News Release

National Park Service and Dartmouth-Hitchcock Use Computed Tomography (CT) Scanning to Solve Art History’s Mysteries

Saint Gaudens Mold CT Scan
CT Scanning reveals the sculptural form inside a 100 year old Saint-Gaudens mold

NPS Photo

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News Release Date: January 31, 2018

Cornish, New Hampshire -- More than a century ago, sculptor Augustus Saint-Gaudens and his assistants used a few dabs of plaster to seal shut roughly two dozen sculpture molds. The molds were then put into storage for safekeeping. Since then, the molds have passed from the Saint-Gaudens family to the non-profit Saint-Gaudens Memorial to the National Park Service, and also survived a catastrophic studio fire in 1944. Through the years, the identities of many of these sealed molds had been lost. Until now.


The National Park Service at Saint-Gaudens National Historic Site and the Department of Diagnostic Radiology at Dartmouth-Hitchcock’s medical center in Lebanon, New Hampshire, have developed a partnership to non-invasively peek at what these molds contain. With computed tomography (CT) scanning, normally used for creating an image of the inside of a patient’s body without surgical intervention, radiologists were able to scan the open interior spaces of these molds and then extrapolate the negative space into a positive digital image of what these molds would have been used to cast. They have also taken the additional step of converting these CT scans into stereolithography which have been used to 3-D print casts of these original Saint-Gaudens works.


The 3-D printed casts of these works will be on display in a gallery exhibit at Dartmouth-Hitchcock until March 2018. The exhibit will be on display in the main entrance rotunda.

“This is an amazing partnership at the intersection of art, science, and history,” said Rick Kendall, superintendent of Saint-Gaudens National Historic Site. “These scans and the resulting 3D prints have literally turned the empty space in these molds into fine works of art that haven’t been seen in a century—something from nothing.”


The molds were revealed to be from sculptural commissions that Saint-Gaudens and his assistants were working to complete close to the end of the sculptors life. The CT scans revealed that the molds included pieces from the following Saint-Gaudens works: Abraham Lincoln: The Head of State (original cast in Chicago, Illinois), the Phillips Brooks Monument (original cast in Boston, Massachusetts), the Sherman Monument, (original cast in New York City, New York), and a bust of politician William C. Whitney. A website showing examples of the scanned objects which allows the public to manipulate these scans in three dimensions can be found at this link:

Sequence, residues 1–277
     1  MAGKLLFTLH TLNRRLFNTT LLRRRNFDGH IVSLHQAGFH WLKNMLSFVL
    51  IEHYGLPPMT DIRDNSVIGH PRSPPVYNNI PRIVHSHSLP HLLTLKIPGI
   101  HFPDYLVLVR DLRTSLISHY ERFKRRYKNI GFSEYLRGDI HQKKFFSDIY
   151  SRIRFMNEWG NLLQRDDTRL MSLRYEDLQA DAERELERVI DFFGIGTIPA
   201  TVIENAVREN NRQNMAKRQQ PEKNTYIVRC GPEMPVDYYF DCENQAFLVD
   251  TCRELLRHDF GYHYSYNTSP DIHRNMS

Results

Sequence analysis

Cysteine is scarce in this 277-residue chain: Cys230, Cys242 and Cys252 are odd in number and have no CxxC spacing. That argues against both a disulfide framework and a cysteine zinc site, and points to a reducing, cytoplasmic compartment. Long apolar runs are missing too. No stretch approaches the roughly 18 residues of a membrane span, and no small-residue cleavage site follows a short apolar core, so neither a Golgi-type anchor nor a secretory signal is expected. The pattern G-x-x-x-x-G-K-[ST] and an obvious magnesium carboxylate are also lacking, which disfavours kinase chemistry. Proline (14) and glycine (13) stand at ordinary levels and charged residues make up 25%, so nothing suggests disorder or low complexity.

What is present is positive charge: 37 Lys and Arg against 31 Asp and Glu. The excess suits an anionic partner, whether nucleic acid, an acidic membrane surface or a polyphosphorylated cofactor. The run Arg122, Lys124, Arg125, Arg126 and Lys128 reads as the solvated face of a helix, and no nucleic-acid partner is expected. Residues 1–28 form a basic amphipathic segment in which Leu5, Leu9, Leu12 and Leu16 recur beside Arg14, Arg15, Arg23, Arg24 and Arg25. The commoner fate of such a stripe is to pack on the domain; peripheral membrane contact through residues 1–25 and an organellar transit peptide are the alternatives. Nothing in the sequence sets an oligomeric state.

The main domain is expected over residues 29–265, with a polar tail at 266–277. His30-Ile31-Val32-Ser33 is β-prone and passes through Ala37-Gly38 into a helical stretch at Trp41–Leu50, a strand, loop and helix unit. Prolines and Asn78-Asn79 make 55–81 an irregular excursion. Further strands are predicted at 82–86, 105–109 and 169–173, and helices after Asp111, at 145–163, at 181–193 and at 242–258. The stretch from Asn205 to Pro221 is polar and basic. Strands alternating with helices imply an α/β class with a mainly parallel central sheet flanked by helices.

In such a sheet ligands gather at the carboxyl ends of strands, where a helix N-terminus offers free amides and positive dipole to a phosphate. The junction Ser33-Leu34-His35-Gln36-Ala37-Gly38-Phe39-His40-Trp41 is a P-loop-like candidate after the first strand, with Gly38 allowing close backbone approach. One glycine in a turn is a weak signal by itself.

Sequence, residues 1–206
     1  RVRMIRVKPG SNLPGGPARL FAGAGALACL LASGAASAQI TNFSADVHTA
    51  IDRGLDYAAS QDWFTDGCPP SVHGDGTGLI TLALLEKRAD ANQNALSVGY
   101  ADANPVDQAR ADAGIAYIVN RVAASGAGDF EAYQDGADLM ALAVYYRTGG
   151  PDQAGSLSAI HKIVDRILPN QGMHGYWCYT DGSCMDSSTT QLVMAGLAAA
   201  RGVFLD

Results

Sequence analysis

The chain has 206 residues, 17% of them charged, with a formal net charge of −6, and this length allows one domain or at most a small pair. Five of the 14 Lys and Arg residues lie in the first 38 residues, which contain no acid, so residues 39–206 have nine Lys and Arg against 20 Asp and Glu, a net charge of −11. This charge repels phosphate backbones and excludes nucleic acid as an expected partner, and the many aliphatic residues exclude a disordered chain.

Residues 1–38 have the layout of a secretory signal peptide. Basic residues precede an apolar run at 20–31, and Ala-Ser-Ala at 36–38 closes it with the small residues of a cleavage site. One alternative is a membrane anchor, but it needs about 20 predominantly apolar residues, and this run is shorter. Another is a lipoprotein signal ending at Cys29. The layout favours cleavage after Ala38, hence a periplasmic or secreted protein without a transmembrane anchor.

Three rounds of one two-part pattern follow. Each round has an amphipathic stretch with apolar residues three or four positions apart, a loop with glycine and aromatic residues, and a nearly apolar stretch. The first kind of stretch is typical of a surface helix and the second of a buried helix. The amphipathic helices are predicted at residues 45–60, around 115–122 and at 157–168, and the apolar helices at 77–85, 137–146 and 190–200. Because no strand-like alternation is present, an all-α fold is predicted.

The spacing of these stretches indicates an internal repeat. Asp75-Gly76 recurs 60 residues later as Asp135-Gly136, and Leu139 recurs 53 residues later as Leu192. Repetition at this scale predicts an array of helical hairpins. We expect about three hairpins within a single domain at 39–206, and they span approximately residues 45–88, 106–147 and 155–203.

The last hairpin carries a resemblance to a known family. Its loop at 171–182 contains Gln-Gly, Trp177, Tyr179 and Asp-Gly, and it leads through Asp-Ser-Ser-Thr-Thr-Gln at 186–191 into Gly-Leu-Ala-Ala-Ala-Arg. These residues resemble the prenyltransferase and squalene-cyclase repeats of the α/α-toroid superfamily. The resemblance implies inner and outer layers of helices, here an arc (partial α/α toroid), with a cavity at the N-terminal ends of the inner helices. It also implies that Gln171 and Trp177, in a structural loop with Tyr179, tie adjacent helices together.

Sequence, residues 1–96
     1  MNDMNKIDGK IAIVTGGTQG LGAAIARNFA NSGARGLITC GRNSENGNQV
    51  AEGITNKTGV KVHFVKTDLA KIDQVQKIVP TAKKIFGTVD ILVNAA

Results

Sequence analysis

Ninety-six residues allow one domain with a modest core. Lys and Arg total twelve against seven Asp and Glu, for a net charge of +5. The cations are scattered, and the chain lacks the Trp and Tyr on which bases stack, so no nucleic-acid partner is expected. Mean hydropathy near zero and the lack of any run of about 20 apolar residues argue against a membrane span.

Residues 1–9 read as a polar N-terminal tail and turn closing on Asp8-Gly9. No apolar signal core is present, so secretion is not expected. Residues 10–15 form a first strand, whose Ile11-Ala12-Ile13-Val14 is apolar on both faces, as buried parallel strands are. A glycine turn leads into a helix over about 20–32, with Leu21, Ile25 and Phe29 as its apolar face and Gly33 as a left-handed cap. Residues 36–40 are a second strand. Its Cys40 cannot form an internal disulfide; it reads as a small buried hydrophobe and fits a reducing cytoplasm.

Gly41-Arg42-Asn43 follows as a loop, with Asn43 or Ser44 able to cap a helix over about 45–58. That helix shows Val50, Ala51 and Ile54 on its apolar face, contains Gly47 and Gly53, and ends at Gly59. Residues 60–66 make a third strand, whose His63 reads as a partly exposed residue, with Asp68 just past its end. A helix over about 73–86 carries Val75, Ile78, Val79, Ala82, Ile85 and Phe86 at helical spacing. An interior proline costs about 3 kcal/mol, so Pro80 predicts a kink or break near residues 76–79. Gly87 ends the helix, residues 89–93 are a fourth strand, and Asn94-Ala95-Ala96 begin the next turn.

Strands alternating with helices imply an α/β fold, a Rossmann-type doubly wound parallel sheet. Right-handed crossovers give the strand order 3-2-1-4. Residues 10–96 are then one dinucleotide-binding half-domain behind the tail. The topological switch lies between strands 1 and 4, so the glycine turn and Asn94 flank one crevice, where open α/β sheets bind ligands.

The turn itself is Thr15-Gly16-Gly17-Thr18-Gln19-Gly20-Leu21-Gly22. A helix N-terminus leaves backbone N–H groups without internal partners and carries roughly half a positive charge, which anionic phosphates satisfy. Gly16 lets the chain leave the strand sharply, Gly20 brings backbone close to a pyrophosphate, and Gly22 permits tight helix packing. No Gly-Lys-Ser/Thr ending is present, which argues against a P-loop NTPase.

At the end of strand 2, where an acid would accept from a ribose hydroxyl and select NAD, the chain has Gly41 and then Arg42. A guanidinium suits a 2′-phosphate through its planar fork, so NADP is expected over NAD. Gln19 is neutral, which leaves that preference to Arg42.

Perhaps the most interesting piece was a small mold, slightly larger than a football. The scan revealed a very small bust, less than a foot high, of a man with a close-cropped beard; a face that no Saint-Gaudens experts have been able to identify. This small bust is new to art history, not previously part of the Saint-Gaudens sculptural catalog, and may have been a study for a larger piece that was never completed after the artist died in 1907.


Molds are an important part of the process of creating bronze sculpture. Figurative sculptors typically start modeling a sculpture in clay. After undertaking an enlarging process, sculptors typically take a mold of their final version of the piece which captures all of the surface details of their work. The mold is then used to cast the final version in bronze. Today, sculptors use high-temperature rubber for sculpture molds; in Saint-Gaudens’ time, plaster was the medium of choice. The exterior of the plaster molds would be encased in a second, heavier jacket of plaster reinforced with iron called an investment mold. The two sides of the investment mold would fit together like a clam shell to create a full 360-degree mold that would open in order to release the bronze cast. For storage or shipment, these clam shell molds were then often sealed with dabs of plaster to protect the fragile interior details from cracks and abrasions that would impact the final cast.



Dartmouth-Hitchcock is a non-profit, academic health system serving communities in northern New England. The hospital is associated with Dartmouth College and the Audrey and Theodore Geisel School of Medicine and is an active training and research institution. The Dartmouth-Hitchcock campus is located in Lebanon, New Hampshire.


Augustus Saint-Gaudens (1848-1907) was the preeminent American sculptor of the Gilded Age and is perhaps best known for his Civil War era memorials and monuments. His major monuments and smaller works are located in public spaces and art museums around the country and the world. He and his multiple generations of studio assistants who were highly successful in their own right put American sculpture on a global footing. His home, studios, gardens, and personal collection of museum art pieces are now preserved as Saint-Gaudens National Historic Site in Cornish, New Hampshire. For information on seasonal offerings, write: Saint-Gaudens National Historic Site, 139 Saint-Gaudens Road, Cornish, NH 03745; phone: (603) 675-2175; visit the park website and follow the park on Facebook at

Computer Scan of Woman's Head Sculpture
Computer generated image of the form inside a 100 year old sculptural mold created by Augustus Saint-Gaudens and his assistants.

NPS Photo

3D Print of Woman's Head
Once the CT scan of the molds were complete, and a computer image generated, the result could be 3D printed.

NPS Photo

Last updated: January 31, 2018

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